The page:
The following verses are taken from Daibh Bruadairs lament for Edmund Fitzgerald in 1666:
Codhnach ba cobharthach ar charaid
Is ba dna ar nmhaid do leagadh
Biadhtach an iarthar nar feasadh
Anam dimhe an rais dfhreastal
Cathmhleadh cruaidh nr thuar tathluinn
Is nach tug tuath n truagh gan eallach
Nr chuir brn ar chomhairle Pheadair
Is nr ar an igse f aisce
Leoghan lonn nr throm ar cheallaibh
Is treoraidhe gan chrlighe na chasnamh
Triath luinn thasach fairsing
Do bhaineadh riar is giall do ghallaibh
- 9 -
Trusty champion, who to friends was ever helpful / who prompt and fearless was in smiting low a foeman / In western regions hospitalitys exemplar / when entertaining the retainers of the castle.
Doughty battle-chief, who never augured insult / nor robbed the peasant nor the needy of their cattle / Who gave no cause for sorrow to Peters council / nor ever turned away a poet unrewarded.
Fierce as a lion, he oppressed not churches / but as a guide and leader guarded them uninjured / Comely, open-handed lord of joyful triumphs / exacting from the Galls obedience and submission.
Bruadair wrote his elegy for an actual practicing taoiseach. There is no such taoiseach with landed title in Eoghan Ruadhs day. Instead it falls to the priest to act as leader to his community who are a repressed people. The Poet, the Priest and the People live outside the law. The linguistic world of Irish (and Latin) in which they talk and sing and weep and pray is alien to the powerful official state which lives in English. The two worlds occupy the same space but hardly see each other.
There is a parallel here with the Jewish community whose story we hear in the musical film The Fiddler on the Roof which is set in the village of Anatevka in tzarist Russia in 1905. The village is mainly Orthodox Russian with a closeknit Jewish minority. At the beginning of the film Tevye the Milkman sings the song Tradition (dai dai dai ) and introduces us to his neighbours:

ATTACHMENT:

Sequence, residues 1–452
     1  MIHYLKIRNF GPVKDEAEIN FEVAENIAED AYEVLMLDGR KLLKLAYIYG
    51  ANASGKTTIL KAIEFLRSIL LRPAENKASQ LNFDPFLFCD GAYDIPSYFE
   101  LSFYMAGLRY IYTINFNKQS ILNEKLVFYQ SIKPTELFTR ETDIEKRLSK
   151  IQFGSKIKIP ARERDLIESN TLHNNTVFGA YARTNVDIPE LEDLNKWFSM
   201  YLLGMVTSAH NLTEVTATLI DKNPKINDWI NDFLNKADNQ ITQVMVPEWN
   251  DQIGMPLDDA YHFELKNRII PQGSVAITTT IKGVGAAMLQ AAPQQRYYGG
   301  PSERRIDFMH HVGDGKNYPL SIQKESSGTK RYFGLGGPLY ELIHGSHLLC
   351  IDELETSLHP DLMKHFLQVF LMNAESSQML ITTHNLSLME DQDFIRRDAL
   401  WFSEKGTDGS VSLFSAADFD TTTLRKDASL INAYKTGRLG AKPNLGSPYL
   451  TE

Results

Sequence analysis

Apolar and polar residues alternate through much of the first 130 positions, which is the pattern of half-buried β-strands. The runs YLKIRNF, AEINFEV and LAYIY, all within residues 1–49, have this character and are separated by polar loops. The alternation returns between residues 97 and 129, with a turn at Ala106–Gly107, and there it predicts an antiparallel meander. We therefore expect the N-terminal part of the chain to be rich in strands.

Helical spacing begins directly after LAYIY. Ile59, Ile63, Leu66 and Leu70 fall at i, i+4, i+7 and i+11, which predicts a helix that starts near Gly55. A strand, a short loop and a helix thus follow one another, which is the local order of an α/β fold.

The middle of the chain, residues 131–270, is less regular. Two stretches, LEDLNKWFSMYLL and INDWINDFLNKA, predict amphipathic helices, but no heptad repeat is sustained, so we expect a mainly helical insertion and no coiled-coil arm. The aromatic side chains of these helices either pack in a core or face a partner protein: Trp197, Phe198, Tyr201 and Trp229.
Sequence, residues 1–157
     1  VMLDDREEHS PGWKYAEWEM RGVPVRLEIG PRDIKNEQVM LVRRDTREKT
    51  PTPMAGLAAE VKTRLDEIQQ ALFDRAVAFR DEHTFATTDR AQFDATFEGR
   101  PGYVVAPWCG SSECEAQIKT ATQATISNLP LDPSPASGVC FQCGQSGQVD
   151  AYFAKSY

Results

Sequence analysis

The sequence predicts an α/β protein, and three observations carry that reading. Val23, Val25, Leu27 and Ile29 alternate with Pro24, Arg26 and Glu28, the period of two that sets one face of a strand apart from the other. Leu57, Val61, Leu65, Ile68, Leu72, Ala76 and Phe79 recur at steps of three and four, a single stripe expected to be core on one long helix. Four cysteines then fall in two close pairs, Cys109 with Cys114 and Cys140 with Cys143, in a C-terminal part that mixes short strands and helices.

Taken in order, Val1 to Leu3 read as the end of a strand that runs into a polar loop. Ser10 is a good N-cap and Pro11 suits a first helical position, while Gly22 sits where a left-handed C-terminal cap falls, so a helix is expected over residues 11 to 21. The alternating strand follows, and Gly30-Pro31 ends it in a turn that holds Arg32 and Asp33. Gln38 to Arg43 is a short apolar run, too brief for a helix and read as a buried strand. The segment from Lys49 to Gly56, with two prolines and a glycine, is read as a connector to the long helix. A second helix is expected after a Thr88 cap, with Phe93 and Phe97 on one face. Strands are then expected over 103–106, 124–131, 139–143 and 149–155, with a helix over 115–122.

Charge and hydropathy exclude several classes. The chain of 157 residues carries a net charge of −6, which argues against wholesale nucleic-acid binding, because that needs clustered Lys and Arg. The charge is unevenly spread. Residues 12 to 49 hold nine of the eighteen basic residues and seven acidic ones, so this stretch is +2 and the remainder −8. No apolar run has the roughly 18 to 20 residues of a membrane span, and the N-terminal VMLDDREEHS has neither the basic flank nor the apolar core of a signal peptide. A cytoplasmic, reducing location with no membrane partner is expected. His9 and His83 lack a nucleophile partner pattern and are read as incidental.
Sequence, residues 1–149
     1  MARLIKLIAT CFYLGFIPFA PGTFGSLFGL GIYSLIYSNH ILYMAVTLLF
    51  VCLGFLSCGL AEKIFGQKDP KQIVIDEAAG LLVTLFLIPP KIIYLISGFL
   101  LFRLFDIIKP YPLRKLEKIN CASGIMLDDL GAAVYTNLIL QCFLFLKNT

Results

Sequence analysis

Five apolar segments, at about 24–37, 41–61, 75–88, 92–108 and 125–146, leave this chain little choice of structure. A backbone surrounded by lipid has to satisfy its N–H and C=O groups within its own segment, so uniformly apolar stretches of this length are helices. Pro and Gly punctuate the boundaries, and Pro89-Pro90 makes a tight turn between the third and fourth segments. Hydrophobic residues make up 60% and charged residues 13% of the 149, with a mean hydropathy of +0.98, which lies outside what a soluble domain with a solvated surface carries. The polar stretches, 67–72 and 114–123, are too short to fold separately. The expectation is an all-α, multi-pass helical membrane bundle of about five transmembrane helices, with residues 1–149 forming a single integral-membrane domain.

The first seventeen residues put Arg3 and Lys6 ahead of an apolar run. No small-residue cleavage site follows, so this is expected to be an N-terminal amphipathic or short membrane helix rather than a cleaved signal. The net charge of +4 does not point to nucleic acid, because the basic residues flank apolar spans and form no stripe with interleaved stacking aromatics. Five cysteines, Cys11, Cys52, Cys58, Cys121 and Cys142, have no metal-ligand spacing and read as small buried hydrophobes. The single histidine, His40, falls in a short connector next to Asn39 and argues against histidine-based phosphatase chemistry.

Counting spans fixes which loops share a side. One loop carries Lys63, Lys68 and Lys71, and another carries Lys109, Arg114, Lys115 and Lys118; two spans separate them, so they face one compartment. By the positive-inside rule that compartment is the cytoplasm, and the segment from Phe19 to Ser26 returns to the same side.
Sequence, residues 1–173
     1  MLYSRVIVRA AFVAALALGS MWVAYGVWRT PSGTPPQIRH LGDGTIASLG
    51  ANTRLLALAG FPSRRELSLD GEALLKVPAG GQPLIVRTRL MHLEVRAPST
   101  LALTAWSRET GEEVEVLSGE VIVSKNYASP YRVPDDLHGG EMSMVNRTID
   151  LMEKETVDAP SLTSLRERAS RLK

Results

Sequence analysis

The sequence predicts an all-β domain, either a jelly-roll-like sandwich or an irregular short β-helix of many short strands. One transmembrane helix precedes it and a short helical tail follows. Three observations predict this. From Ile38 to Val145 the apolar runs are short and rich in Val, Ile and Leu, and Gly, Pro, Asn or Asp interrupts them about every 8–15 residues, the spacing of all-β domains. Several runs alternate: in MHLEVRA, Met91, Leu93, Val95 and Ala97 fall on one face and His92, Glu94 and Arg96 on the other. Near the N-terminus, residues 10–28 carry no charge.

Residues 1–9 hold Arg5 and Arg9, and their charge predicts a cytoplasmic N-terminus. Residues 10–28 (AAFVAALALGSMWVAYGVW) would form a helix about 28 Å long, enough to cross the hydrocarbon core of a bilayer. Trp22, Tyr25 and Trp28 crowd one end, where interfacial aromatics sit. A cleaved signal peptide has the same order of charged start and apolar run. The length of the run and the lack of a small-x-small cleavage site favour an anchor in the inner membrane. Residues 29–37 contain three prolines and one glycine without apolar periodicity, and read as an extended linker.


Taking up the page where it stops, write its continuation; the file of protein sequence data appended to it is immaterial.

Tevye: And in the circle of our little village, we've always had our special types. For instance, Yente, the matchmaker, Reb Nachum, the beggar. And, most important of all, our beloved Rabbi
Leibesh: Rabbi, may I ask you a question?
Rabbi: Certainly, Leibesh.
Leibesh: Is there a proper blessing ... for the Tzar?
Rabbi: A blessing for the Tzar? Of course. May God bless and keep the Tzar far away from us! Dai dai dai dai dai dai
Tevye: Then there are the others in our village. They make a much bigger circle. We don't bother them and so far, they don't bother us.
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The Jews of Anatevka speak Yiddish amongst themselves and read the Scriptures in Hebrew. While they can speak Russian they have little use for learning to read that language. In one scene all the Jewish men gather in the village square to buy milk for the Sabbath from Tevye. Avram, the bookseller, who can read Russian, approaches in a panic:
Avram: Look at this! Look what it says in the paper.
Crowd: Look, look, look!
Mendel: Quiet! Quiet! Stop braying like a pack of mules! Let the man talk. Talk, Avram.
Avram: My paper came to the post office today, like it always does. Usually it comes on a Thursday, but it can be a day late...
Mendel: Avram, that's not talking! That's babbling.
Crowd: The news ... What does it say?
Mendel: Quiet! Talk, Avram.
Avram: Well, I was reading my paper. It's nothing very important, a story about the crops in the Ukraine, and this and that.
Mendel: Avram! Talk.
Avram: And then. I saw this.
Mendel: All right. We all see it. What does it say?
Avram: "In a village called Rajanka, all the Jews were evicted, forced to leave their homes. "
Mendel: For what reason?
Avram: It doesn't say. Maybe the Tzar wanted the land. Maybe a plague?
Mendel: May the Tzar have his very own plague (spitting on the ground).
Crowd: Amen (spitting on the ground).